- Last Updated: 12:16 AM, May 25, 2012
- Posted: 10:14 PM, May 24, 2012
CANNES, France — Bootleggers and mobsters, fugitives and femme fatales — America charged into this year’s Cannes Film Festival with guns blazing.
Last year, France’s “The Artist” began its journey to a Best Picture Oscar at the Palais des Festivals, but this year it was American cinema’s turn to own the rain-drenched fest (with significant help from Australian directors and actors).
After the success of “Drive” last year, Cannes’ programmers opened the festival with Wes Anderson’s “Moonrise Kingdom,’’ followed by several genre-oriented literary adaptations in competition, all packed to the rafters with marquee names.
Here’s the cream of Hollywood’s Cannes crop, coming soon to a cinema near you.
* KILLING THEM SOFTLY: This violent but darkly comic gangster tale turns potentially pulpy material into pure gold. Brad Pitt, reteaming with his “The Assassination of Jesse James by the Coward Robert Ford” director Andrew Dominik, is in the form of his life, playing a mob enforcer investigating a poker heist and guaranteeing himself another Best Actor Oscar nod in the process. Other big guns include Ray Liotta and an excellent James Gandolfini, plus revelatory turns from relative newcomers Scoot McNairy and the criminally underrated Ben Mendelsohn. US release: Sept. 21.
* LAWLESS: John Hillcoat’s elegantly hard-boiled 1930s bootlegging drama will make a star of British hard-man Tom Hardy, whose on-screen cardigan was the talk of Cannes. Despite the anti-fashion statement, Hardy’s intensely masculine turn as a grunting, head-cracking moonshiner has drawn comparisons to Marlon Brando. The brutal pseudoWestern surrounds him with a stellar ensemble, including Jessica Chastain, Gary Oldman, Mia Wasikowska and Guy Pearce as a sadistic sheriff with the scariest hairdo since Javier Bardem’s in “No Country for Old Men.” Even Shia LaBeouf, as a likable wannabe gangster, is surprisingly good. Opens stateside Aug. 29.
* THE PAPERBOY: Nicole Kidman may finally win Cannes’ best actress prize for her show-stopping performance as a trashy, bottle-blond vixen who, in the movie’s most talked-about scene, has what was instantly dubbed her “douche d’or’’ (a play on the festival’s top prize) moment with Zac Efron. Oscar nominee Lee Daniels’ (“Precious”) steamy Southern noir, based on a best-selling crime novel, also stars Matthew McConaughey and Efron as two brothers hired by Kidman’s Charlotte to help her save a convicted killer (John Cusack) from death row.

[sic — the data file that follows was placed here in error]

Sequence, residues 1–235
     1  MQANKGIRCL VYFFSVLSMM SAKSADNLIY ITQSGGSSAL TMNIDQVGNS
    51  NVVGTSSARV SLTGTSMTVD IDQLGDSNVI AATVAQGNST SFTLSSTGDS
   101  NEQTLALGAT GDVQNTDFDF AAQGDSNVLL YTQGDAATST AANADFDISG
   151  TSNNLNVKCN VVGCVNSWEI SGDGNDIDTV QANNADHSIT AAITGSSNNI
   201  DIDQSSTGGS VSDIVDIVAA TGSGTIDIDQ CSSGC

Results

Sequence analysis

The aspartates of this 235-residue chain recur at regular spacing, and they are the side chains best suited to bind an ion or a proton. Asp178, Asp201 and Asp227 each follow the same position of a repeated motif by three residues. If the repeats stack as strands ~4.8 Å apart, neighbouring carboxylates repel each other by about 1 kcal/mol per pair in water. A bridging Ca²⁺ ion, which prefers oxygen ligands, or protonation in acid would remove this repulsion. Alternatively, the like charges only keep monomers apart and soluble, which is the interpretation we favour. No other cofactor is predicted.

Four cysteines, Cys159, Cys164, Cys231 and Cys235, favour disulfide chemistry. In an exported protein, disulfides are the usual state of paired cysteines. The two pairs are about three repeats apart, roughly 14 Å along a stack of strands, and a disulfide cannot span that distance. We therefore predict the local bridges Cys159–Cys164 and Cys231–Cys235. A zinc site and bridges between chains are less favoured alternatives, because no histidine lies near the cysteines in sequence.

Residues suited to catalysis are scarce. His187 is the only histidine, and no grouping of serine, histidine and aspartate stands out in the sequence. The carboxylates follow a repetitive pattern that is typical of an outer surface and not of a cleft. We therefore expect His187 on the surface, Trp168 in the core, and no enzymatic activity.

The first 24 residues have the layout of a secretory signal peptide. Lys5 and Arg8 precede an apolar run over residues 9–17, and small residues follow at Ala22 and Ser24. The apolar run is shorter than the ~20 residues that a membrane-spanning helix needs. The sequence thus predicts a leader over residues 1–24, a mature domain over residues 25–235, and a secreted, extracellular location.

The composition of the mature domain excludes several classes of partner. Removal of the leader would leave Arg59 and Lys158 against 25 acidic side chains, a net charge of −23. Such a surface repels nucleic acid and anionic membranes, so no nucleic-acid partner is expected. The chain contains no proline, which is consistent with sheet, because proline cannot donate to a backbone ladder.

* ON THE ROAD: It’s another love triangle for “Twilight” star Kristen Stewart, playing man-juggling minx Marylou in the long-gestating adaptation of Jack Kerouac’s Beat generation classic. She be-bops alongside low-profile co-leads Garrett Hedlund and Sam Riley, as well as Viggo Mortensen and Kirsten Dunst. Mad props to Brazilian director Walter Salles (“The Motorcycle Diaries”) for seeing Kerouac’s tousled, stream-of-consciousness prose poem through to the screen. Like the following films, no confirmed North American release date yet.
* COSMOPOLIS: Dubbed “the Robert Pattinson haircut movie,” this adaptation of a 2003 Don DeLillo novel represents a return to lurid form for freaky Canadian auteur David Cronenberg. Twi-hards will have conniptions as R-Patz’s young Manhattan multibillionaire goes for a drug-fueled sex-and-death spin crosstown to visit his barber. On the way, he tangles with gun-toting madmen, nihilism and paranoia, a prostate exam, Juliette Binoche and, yes, a giant papier-mâché rat.
* MUD: Matthew McConaughey further distances himself from his role as the king of dubious rom-coms in this “Huckleberry Finn”-ish slice of Americana about two teen boys who help the grubby fugitive of the title reunite with his girlfriend, Juniper (Reese Witherspoon.) Last year, young Arkansas native Jeff Nichols won the Critics’ Week sidebar at Cannes with “Take Shelter”; now he’s vaulted straight into competition.
* THE SAPPHIRES: Harvey Weinstein couldn’t wipe the smile off his face after his new Aussie acquisition — a sparkly music-filled romp about four Aboriginal soul divas who became Down Under’s answer to the Supremes in the 1960s — got a 10-minute standing ovation at its Cannes premiere. “Bridesmaids” funnyman Chris O’Dowd steals the show as a boozy wannabe soul man.
* THE CENTRAL PARK FIVE: This hard-hitting examination of one of New York’s most infamous crimes marks a departure for preeminent documentarian Ken Burns, best known for sprawling PBS studies such as “The Civil War.’’ Headed for a cinema release, this collaboration with his daughter Sarah and her husband, David McMahon, eschews the usual voice-over for a fast-paced narrative following the five young black men convicted of brutally beating and raping a white Central Park jogger in 1989 before later having their convictions overturned.